I’m loving all the beautiful vegetables I’m getting from Lancaster Farm Fresh, my community supported agriculture program. I know I’ve mentioned this before, and if I appear to be gushing, I guess I am. This afternoon’s take included some really beautiful fresh fava beans, bull’s blood beets, four huge heirloom tomatoes and some miniature white cucumbers, which I’ve never seen before. They taste amazing – sweet and mild.
My first instinct was to artfully arrange all of my beauties in a wooden bowl for photographing, which as you can see, I did. My second instinct was to tabulate everything I brought in from the garden this week – several zucchini, several more squash, tomatoes, jalapeños, and banana peppers. If you’re wondering how I’m going to use all these disparate ingredients throughout the week, so that nothing goes to waste, so am I. So tonight I’ll take an hour to sit down and figure it out. I touched on menu planning in this post, but I wanted to share a little more about how a little organization can help summer produce end up on the table instead of in the compost bin.
- Start by making a list of the ingredients you have on hand from your CSA or garden.
- Make a list of the meals (Monday lunch, Monday dinner, Tuesday dinner, etc) you plan to cook.
- For each meal, choose a fresh vegetable that will be the focus of the meal and find a recipe that features it. You can add other vegetables if it the recipe calls for it or it just makes sense – vegetable soup is an awesome way to use lots of produce – but in general, don’t try to fit the entire contents of your CSA basket into a single meal. Looking for recipes that combine too many specific ingredients can be frustrating and a real time waster.
- Develop resources for seasonal cooking. Alicia Sokol organizes the recipes on her blog, Weekly Greens, by ingredient, and the Veggie Table has a page for looking up recipes by season. There are countless cookbooks featuring seasonal or farm-to-table food that can be an inspiration. I love Richard Ruben’s Farmer’s Market Cookbook, Andrea Reusing’s Cooking in the Moment, and Martha Holmberg’s Fine Cooking In Season.
- Use Pinterest to organize seasonal recipes. My picks are pinned here and here.
- Look for recipes on your CSA’s web site – many provide recipes that use the ingredients they provide to customers each week.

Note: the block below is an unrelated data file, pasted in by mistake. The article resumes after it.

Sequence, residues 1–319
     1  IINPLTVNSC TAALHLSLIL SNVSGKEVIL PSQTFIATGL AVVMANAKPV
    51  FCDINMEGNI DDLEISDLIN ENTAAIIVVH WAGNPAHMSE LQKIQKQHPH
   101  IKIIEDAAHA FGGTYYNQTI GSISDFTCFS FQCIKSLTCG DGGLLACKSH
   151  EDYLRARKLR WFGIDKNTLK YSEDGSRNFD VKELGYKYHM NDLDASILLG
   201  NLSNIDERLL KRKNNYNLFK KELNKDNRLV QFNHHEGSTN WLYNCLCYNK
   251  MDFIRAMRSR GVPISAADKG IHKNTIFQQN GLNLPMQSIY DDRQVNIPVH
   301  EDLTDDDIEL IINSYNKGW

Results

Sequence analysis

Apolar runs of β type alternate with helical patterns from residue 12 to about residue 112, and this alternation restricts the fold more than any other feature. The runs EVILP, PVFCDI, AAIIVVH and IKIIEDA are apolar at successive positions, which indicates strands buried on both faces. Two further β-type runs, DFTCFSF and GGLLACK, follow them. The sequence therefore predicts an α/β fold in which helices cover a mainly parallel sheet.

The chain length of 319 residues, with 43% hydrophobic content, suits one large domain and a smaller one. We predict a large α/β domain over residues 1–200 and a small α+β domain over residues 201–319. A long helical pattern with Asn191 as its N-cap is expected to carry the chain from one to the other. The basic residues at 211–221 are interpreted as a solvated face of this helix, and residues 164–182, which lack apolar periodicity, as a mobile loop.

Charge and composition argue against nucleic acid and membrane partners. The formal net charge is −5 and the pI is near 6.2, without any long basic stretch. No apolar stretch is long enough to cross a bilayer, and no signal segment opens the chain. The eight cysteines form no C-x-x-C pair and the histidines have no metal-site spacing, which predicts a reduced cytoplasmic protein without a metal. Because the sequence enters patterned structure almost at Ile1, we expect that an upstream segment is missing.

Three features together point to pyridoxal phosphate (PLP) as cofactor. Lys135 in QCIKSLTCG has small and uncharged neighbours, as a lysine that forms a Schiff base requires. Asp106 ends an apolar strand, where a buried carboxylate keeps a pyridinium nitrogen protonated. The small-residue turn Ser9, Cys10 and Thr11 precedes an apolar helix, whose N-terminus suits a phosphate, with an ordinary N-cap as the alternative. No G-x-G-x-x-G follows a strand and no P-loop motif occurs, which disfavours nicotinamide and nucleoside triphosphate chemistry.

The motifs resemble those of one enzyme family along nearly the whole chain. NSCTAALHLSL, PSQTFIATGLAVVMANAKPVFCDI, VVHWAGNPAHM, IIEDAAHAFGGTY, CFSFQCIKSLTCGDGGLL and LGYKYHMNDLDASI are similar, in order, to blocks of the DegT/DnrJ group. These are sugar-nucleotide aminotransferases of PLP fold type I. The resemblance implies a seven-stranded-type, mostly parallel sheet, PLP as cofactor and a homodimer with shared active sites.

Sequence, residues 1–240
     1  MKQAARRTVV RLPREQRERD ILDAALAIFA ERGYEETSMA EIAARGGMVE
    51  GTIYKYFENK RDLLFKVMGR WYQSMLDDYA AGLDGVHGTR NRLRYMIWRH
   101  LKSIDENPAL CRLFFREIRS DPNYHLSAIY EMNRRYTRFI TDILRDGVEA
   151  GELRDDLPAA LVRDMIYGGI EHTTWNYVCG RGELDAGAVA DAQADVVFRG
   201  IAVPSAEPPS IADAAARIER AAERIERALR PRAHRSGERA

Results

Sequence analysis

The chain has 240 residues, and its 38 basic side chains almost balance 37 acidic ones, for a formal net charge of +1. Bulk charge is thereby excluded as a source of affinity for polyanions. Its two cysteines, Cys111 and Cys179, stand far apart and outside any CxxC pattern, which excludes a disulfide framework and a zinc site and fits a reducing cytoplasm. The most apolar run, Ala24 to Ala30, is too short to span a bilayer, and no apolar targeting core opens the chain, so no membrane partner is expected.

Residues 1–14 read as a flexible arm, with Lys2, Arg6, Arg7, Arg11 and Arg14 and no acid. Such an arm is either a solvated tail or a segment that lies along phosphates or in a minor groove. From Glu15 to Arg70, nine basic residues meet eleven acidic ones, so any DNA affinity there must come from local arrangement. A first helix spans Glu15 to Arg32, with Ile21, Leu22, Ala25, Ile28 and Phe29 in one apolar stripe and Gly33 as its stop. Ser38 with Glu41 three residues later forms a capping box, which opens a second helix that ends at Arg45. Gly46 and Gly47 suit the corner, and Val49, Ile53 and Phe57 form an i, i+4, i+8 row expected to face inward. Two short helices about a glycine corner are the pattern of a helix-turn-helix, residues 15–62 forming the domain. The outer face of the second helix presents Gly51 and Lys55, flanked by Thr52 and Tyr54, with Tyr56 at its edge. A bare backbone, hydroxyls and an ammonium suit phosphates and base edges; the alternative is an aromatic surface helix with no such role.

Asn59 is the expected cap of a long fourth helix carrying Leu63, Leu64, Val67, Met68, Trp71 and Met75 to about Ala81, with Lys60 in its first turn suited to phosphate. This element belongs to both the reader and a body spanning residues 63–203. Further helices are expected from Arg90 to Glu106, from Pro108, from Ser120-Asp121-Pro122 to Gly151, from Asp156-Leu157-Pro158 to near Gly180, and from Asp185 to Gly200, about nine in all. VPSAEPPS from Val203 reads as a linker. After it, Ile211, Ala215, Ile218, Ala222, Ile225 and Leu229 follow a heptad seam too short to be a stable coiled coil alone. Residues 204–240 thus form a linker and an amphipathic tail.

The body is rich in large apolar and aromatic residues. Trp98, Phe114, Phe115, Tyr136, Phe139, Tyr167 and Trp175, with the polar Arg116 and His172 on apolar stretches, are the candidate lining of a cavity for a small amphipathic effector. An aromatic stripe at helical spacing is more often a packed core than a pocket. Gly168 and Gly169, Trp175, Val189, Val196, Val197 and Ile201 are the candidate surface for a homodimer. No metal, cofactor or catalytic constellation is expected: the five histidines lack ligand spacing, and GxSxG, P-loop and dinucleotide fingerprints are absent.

- If you don’t have enough of a single ingredient to make an entire dish, consider including it in a salad. A pint of tart cherries won’t make a pie, but they work nicely on a salad with sliced pork tenderloin, for example.
- Account for each’s day’s schedule, considering nights you know you have to work late, take the kids to soccer practice, go to a community meeting, or hit the gym. Be realistic and choose meals that you can squeeze in without a lot of fuss. I like salads for this.
- Use the weekend to pre make meals for weeknights you know it won’t be possible to cook. Make a huge pot of vegetable soup that can be reheated, or grill chicken or steak for topping salads.
- Plan to eat out. It sounds counterintuitive, but planning to eat out a couple of times a week makes cooking feel like less of a chore. and I’m less tempted to chuck plans for a home cooked meal at the last minute.
- Try to think past dinner. Include veggies in school or work lunches, and offer them as snacks. Add veggies to omelets or frittatas at breakfast, or slice up fruit from your CSA share and add to to yogurt and oatmeal.
- If you can’t eat it, preserve it. It’s July, so as usual I’m drowning in more zucchini than I can sneak into meals right now, so I’ll be slicing, blanching, and freezing some and putting it away for winter. Preserving doesn’t have to be complicated – it can be as simple as chopping and freezing greens or making a single jar of refrigerator jam, without the hassle of adding pectin and sealing jars.
- Properly store produce so it doesn’t go bad before you can cook it. The Vegetarian Times and the Kitchn have easy to follow guides for this. Fresh-from-the-garden produce lasts a lot longer than the stuff you buy at the grocery store, assuming it’s stored correctly.